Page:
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Dec. 9th, 2009

Well, in trying to talk to James about how if I {we} have kids I would prefer them to be home-schooled, he has managed to completely insult me, made me cry and accused me of arguing with him. I was trying to explain it from my own perspective. He KNOWS how miserable my school years were for me. He knows about the incident with the slugs and how I was called a bitch by one of my peers in the 2nd or 3rd grade for glancing in his direction. In the 6th I was called a cow by Tanisha Dijonee when I was just sitting in the corner reading.

I was mocked at every turn, and the education wasn't much better. Carrie said today, I was the sort of child that teachers loved. So anxiety ridden I complied with all the rules, never caused any trouble, and then just as promptly fell through the cracks because no one was watching, let alone cared in the first place.

I was irreversibly damaged by that system and don't want any of my brood to have to deal with anything like it, and know that they cannot if they have the same problems I do. And I sincerely pray that they do not.

Other than that disturbing part, I think today was an ok day.


( 2 comments — Leave a comment )
Dec. 10th, 2009 06:38 pm (UTC)
My sister and I were both homeschooled from 3rd to 8th grade. It was a good and bad thing. For me, I think it was mostly bad, and I think my parents came to agree with me -- my dad admitted later on that the main reason for the homeschooling was because of my sister, who has always been extremely quiet and shy.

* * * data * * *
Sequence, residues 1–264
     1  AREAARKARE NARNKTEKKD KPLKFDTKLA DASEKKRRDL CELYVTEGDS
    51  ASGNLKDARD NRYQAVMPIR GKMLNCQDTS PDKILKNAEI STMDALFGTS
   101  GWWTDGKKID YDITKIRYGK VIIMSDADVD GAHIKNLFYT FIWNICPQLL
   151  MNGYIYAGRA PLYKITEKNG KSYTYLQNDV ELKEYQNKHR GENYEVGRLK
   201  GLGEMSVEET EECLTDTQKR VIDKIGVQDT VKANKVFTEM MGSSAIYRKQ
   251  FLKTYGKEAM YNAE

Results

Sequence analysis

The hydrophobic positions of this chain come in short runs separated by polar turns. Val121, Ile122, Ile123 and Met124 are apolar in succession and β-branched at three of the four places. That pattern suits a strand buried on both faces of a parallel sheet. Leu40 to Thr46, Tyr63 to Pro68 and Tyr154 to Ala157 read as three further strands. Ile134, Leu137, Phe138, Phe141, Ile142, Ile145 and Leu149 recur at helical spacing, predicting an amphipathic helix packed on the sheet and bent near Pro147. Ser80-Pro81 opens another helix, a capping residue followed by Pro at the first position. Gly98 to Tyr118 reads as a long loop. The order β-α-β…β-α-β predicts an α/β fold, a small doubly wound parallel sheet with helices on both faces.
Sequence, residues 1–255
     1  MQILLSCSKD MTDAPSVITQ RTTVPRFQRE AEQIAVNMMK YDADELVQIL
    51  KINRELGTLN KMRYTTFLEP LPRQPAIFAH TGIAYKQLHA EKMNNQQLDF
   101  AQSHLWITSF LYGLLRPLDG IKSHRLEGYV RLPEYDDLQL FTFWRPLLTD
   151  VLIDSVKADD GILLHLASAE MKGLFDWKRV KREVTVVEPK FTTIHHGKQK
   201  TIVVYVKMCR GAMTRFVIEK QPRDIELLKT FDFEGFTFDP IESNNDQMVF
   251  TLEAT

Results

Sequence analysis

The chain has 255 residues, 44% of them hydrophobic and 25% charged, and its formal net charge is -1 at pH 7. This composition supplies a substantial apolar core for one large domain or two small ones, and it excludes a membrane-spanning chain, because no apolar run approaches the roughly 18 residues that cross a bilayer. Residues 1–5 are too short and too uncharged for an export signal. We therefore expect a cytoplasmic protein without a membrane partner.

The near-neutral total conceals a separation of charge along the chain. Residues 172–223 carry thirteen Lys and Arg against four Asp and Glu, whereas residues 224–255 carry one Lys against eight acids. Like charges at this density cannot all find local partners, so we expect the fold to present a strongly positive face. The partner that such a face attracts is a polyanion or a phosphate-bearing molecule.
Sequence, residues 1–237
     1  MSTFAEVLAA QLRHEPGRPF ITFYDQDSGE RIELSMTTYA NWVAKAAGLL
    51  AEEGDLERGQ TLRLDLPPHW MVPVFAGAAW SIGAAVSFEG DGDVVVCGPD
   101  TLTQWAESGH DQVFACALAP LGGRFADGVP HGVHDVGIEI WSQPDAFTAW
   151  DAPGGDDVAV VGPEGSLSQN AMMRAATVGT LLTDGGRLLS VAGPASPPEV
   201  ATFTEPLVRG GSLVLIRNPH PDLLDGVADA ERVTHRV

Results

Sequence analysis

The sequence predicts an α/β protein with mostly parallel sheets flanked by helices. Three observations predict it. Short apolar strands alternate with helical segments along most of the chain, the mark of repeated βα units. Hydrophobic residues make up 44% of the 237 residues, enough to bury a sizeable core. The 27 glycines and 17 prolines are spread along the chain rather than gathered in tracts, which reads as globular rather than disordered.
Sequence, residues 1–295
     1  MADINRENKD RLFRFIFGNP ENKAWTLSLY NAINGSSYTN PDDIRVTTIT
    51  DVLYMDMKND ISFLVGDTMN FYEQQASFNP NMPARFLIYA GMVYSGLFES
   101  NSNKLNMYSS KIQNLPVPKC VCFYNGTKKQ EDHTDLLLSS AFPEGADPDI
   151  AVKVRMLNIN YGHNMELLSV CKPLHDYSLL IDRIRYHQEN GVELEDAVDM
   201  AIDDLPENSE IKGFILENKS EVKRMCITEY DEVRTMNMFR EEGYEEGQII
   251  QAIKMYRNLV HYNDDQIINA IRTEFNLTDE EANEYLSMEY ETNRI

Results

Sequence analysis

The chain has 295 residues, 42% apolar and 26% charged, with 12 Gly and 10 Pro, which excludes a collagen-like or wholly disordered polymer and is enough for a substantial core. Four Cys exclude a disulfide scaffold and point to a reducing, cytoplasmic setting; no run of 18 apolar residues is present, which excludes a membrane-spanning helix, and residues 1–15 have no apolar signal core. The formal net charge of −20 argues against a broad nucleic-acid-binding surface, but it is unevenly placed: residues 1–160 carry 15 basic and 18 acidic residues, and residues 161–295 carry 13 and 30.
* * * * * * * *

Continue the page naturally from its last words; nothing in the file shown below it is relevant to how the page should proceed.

Advantages: the kids will learn much faster and better, be more disciplined, and have more free time (school days only need to be about 4-6 hours, depending on grade). Obviously, as you pointed out, they won't have to experience the cruelty of other kids.

Disadvantages: Going to high school afterward was a huge shock. I had no idea how to interact with people, didn't know how to do group work, got picked on all the time because I was so weird, etc. If I had stayed homeschooled all the way until college, the transition would have been even more shocking and I might not have been able to take it. In my case I think these disadvantages outweighed the advantages, since I have trouble with these issues to this day. On the other hand, if I hadn't been homeschooled, maybe I wouldn't be at Princeton now, so who knows.

But, it's really down to the personality of the kid, and how much time and effort you the parent are willing to put into educating them. The one thing I'd recommend is to make sure they have lots of extracurricular activities so that they learn to interact with people other than family members from a young age.

There's a lot more to say here, so if you ever want to talk more about homeschooling, just let me know.
Dec. 18th, 2009 10:06 am (UTC)
Re: Homeschooling
The thing is, I'd be more than happy to send them off to school if I knew that they could handle it like a regular kid. My issues lie in the fact that I know all the disorders in my family are inherited, and it makes for a very difficult time being in almost any sort of a social setting, with school having been the grade A worst.

And, assuming that I did feel the need to home school, I would most definitely make sure that they had plenty of activities to do involving interactions with other people, but that was the idea that seemed to have upset James the most.

He's got lots of ideas that when he gets latched on to, no matter how stupid they sound, that you just can't talk to him until he gets over it.
( 2 comments — Leave a comment )